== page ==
Factors Associated with Decadal Variability in Great Plains Summertime Surface Temperatures

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Thursday, 6 February 2014: 2:00 PM
Room C102 (The Georgia World Congress Center )
Scott Weaver, NOAA/CPC, College Park, MD; and A. Kumar and M. Chen

Decadal variability of summertime Great Plains surface temperature is probed from the perspective of the Great Plains low-level jet (GPLLJ). GPLLJ variability Modes 2 and 5 are shown to be most influential on the evolution and magnitude of Great Plains surface temperature anomalies over the latter half of the twentieth century, including the development of the summertime warming hole, and are further linked to the Pacific Decadal Oscillation (PDO) and Atlantic Multi Decadal Oscillation (AMO), respectively. The influence of remote SST variability on the central U.S. warming hole is broadly consistent with previous modeling studies. However, the pivotal role that GPLLJ variability plays in linking the hemispheric-wide SST variability (through the AMO and PDO) to the regional warming hole is an expanded and clarified perspective.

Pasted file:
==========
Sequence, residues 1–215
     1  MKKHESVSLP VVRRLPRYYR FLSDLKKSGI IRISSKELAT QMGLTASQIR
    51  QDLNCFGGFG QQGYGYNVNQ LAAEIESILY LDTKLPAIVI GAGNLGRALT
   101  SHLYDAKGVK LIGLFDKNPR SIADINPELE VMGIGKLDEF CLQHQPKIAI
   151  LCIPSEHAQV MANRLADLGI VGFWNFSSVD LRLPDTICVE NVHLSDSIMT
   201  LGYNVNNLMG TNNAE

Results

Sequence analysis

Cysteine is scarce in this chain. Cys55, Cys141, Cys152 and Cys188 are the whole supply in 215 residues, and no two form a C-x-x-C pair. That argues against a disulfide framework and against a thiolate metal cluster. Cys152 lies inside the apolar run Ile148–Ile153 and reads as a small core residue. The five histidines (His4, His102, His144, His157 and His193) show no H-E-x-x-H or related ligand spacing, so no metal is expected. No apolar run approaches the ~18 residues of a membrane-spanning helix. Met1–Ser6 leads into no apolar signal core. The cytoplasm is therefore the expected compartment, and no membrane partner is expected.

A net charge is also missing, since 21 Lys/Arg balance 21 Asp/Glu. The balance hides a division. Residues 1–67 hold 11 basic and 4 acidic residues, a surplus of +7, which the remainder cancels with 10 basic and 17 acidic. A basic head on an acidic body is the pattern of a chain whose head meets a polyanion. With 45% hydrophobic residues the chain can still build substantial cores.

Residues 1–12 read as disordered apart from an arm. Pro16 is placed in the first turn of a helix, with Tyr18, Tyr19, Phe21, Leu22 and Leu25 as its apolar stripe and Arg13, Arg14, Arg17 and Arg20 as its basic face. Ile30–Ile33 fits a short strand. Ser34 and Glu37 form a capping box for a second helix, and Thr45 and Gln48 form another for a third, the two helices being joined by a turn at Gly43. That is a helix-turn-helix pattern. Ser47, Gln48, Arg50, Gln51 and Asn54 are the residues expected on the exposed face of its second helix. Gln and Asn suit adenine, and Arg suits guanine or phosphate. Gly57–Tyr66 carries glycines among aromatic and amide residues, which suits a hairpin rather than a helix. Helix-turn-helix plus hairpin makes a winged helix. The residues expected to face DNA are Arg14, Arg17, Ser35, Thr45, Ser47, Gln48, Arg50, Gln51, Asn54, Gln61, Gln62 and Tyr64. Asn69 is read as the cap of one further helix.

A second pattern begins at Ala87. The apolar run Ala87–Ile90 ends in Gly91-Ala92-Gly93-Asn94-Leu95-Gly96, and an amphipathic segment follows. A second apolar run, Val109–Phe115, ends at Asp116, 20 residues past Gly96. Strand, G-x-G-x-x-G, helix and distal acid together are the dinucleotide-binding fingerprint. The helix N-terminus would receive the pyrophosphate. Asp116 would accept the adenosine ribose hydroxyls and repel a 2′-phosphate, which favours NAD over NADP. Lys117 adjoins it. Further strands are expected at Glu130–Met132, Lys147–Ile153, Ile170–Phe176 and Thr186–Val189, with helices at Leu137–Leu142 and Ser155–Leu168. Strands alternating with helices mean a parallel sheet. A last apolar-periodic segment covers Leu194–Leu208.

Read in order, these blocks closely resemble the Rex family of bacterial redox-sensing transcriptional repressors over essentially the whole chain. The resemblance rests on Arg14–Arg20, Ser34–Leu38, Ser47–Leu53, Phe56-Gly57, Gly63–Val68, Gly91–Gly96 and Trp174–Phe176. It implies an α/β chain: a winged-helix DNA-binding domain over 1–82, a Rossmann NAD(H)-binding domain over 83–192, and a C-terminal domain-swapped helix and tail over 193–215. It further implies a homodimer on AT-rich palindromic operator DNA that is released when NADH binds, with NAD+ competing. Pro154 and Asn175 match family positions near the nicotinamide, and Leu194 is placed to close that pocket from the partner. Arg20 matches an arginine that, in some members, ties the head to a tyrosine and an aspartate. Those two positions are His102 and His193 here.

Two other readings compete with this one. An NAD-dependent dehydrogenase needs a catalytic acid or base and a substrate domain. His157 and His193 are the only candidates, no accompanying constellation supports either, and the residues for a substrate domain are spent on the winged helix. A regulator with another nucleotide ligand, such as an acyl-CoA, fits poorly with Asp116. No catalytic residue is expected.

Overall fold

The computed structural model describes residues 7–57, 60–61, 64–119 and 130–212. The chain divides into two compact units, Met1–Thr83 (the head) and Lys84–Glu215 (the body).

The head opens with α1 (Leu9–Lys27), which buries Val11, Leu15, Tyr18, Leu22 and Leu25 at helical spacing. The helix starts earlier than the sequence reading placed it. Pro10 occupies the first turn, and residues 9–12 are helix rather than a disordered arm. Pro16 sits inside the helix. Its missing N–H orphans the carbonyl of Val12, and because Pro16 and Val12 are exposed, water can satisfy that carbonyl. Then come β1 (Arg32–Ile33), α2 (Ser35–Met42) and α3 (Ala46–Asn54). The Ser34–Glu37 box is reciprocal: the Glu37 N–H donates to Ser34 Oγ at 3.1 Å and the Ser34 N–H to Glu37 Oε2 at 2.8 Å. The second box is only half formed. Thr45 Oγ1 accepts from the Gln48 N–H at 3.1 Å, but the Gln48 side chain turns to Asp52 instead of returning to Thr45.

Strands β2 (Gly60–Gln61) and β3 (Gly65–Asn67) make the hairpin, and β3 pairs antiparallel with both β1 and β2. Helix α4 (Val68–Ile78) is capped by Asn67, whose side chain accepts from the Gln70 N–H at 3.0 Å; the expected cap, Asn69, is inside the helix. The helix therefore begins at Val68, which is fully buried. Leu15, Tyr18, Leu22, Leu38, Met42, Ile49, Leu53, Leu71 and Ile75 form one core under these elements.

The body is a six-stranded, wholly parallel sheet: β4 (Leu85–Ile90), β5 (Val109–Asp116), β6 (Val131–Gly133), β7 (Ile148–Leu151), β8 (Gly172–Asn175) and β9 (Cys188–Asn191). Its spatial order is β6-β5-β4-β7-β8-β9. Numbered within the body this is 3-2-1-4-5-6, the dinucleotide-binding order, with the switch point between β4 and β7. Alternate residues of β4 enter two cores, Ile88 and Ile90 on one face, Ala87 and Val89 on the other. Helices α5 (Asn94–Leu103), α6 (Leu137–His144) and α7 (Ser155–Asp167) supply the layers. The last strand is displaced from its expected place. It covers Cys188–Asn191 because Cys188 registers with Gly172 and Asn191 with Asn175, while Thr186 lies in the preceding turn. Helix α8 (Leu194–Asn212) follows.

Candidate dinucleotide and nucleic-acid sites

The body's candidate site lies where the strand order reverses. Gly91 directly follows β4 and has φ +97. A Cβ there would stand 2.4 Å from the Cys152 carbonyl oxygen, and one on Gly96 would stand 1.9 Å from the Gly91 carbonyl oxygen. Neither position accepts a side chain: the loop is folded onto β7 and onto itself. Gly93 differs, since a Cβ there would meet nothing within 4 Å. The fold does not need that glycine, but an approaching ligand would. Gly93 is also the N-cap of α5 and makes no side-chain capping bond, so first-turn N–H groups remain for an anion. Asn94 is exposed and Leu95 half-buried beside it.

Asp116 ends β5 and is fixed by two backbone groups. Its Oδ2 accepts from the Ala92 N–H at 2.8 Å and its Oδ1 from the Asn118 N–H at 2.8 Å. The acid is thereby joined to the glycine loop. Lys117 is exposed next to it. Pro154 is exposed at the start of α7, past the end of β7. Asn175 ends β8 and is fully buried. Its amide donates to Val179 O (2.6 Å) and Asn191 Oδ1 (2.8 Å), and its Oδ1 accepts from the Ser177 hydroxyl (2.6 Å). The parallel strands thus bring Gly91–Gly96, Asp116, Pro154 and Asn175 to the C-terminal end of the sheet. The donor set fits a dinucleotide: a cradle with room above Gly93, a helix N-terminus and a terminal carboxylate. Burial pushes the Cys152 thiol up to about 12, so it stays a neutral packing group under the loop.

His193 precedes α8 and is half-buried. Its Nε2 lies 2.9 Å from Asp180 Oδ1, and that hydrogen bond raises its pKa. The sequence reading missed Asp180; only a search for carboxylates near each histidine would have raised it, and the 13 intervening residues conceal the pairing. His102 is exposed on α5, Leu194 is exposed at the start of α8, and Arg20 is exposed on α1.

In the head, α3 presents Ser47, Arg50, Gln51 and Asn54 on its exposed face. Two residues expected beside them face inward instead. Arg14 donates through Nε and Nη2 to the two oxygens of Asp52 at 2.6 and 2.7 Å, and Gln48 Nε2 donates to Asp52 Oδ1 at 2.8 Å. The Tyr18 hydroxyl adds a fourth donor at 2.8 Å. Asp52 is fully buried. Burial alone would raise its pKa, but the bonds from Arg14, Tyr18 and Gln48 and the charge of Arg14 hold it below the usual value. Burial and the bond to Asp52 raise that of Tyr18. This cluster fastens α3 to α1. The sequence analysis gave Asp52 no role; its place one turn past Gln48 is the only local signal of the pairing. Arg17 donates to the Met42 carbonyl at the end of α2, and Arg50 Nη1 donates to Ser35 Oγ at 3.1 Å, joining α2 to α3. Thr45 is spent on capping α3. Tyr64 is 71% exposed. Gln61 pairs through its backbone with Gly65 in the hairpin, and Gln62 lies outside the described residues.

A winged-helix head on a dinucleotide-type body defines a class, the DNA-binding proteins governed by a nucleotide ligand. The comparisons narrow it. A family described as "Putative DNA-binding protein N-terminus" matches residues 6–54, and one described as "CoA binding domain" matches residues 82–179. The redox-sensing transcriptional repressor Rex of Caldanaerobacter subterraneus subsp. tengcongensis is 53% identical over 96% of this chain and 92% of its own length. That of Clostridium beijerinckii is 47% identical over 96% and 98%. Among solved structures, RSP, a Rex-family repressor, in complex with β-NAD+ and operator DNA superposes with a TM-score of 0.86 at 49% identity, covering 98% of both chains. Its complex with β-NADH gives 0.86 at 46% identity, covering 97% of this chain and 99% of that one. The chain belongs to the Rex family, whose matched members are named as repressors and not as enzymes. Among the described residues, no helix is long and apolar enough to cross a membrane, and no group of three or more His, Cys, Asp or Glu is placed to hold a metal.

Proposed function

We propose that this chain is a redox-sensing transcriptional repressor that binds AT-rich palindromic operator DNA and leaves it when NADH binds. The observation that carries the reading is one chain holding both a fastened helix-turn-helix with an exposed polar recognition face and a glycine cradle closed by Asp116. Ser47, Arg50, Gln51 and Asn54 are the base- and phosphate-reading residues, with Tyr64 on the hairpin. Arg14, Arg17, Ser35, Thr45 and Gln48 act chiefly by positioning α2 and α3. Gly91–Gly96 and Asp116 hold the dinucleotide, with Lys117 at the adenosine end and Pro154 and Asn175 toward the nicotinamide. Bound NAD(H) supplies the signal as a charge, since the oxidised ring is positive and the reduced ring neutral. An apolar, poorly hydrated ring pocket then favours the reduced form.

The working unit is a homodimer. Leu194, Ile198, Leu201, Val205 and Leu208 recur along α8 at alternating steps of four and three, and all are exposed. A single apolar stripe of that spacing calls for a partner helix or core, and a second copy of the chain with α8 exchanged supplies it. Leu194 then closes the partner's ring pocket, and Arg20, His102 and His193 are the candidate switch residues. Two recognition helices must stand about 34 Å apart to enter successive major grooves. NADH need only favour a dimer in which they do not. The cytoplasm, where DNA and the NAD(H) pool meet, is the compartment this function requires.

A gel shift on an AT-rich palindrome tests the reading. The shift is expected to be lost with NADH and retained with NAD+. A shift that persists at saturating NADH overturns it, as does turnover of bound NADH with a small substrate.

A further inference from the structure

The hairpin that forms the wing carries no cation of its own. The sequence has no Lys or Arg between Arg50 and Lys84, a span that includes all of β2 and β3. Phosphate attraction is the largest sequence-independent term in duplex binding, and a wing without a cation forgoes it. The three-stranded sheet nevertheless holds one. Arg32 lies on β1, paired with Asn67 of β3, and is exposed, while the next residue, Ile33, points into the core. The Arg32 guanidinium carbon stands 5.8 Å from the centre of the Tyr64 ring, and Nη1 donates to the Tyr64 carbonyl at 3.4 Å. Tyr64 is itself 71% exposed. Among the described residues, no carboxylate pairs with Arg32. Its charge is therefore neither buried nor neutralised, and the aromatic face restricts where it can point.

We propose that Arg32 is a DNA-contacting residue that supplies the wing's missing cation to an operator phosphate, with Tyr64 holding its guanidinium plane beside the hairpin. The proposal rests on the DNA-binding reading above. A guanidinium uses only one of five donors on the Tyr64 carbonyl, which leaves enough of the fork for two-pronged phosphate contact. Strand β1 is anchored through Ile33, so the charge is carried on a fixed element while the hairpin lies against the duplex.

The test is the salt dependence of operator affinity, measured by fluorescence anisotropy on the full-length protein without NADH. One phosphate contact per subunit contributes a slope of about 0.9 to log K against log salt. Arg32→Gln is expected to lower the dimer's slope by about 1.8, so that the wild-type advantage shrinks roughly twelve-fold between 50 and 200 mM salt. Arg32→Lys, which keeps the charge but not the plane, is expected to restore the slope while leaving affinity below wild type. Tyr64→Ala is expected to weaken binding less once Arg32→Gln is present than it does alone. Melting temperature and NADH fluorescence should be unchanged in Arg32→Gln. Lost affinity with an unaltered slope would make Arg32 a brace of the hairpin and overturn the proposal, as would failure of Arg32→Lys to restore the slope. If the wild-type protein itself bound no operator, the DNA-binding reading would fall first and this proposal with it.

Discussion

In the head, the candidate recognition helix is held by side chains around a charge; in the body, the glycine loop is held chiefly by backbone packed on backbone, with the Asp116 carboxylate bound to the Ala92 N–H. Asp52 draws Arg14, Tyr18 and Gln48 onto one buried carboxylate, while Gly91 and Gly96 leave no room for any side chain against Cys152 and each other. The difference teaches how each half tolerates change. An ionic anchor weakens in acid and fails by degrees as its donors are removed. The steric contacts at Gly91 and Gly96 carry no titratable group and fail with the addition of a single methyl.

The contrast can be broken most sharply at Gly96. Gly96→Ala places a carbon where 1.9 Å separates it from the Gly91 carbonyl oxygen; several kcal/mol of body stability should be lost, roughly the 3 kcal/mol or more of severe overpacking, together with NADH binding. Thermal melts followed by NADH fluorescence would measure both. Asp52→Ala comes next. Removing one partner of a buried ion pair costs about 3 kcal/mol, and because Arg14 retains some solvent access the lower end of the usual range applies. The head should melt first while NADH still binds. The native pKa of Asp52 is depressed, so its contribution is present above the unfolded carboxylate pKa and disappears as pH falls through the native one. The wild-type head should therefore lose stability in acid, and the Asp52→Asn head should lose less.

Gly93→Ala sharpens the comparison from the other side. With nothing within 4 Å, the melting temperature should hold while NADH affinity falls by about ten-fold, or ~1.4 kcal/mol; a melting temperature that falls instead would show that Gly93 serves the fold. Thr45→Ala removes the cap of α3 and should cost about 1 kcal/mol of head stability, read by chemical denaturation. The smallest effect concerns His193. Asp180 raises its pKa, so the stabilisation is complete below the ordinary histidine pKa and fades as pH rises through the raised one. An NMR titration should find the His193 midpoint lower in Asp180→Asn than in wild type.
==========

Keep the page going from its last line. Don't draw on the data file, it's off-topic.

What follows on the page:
Notwithstanding the strong influence of natural decadal variability modes, the analysis is further extended to examine the role of external factors (i.e., anthropogenic climate change) in the development of the warming hole and the associated GPLLJ variability through a suite of reforecasts prescribed with the observed CO2 concentrations over the 1982-2012 period using the National Centers for Environmental Prediction (NCEP) Climate Forecast System (CFS). This dataset contains several thousand realizations for each season under consideration, as opposed to only 31 in nature, and will allow for some insight into the potential trajectory of the warming hole and its implications for decadal climate prediction over the U.S.